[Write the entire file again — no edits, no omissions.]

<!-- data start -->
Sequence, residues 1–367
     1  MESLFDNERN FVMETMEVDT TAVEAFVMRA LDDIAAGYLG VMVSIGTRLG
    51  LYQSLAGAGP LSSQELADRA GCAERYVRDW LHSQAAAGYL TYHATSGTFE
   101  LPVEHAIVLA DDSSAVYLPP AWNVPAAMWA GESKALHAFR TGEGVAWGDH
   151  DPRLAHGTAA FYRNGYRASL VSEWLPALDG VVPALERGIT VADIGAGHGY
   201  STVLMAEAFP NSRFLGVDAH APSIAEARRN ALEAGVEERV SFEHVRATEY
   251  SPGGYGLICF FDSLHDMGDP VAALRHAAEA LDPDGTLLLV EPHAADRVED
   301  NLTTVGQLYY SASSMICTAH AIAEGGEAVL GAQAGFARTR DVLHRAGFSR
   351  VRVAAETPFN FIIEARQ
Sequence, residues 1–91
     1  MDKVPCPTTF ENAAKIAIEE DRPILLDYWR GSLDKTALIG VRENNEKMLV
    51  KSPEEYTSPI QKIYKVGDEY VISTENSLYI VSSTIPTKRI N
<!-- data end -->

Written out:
Sequence, residues 1–367
     1  MESLFDNERN FVMETMEVDT TAVEAFVMRA LDDIAAGYLG VMVSIGTRLG
    51  LYQSLAGAGP LSSQELADRA GCAERYVRDW LHSQAAAGYL TYHATSGTFE
   101  LPVEHAIVLA DDSSAVYLPP AWNVPAAMWA GESKALHAFR TGEGVAWGDH
   151  DPRLAHGTAA FYRNGYRASL VSEWLPALDG VVPALERGIT VADIGAGHGY
   201  STVLMAEAFP NSRFLGVDAH APSIAEARRN ALEAGVEERV SFEHVRATEY
   251  SPGGYGLICF FDSLHDMGDP VAALRHAAEA LDPDGTLLLV EPHAADRVED
   301  NLTTVGQLYY SASSMICTAH AIAEGGEAVL GAQAGFARTR DVLHRAGFSR
   351  VRVAAETPFN FIIEARQ
Sequence, residues 1–91
     1  MDKVPCPTTF ENAAKIAIEE DRPILLDYWR GSLDKTALIG VRENNEKMLV
    51  KSPEEYTSPI QKIYKVGDEY VISTENSLYI VSSTIPTKRI N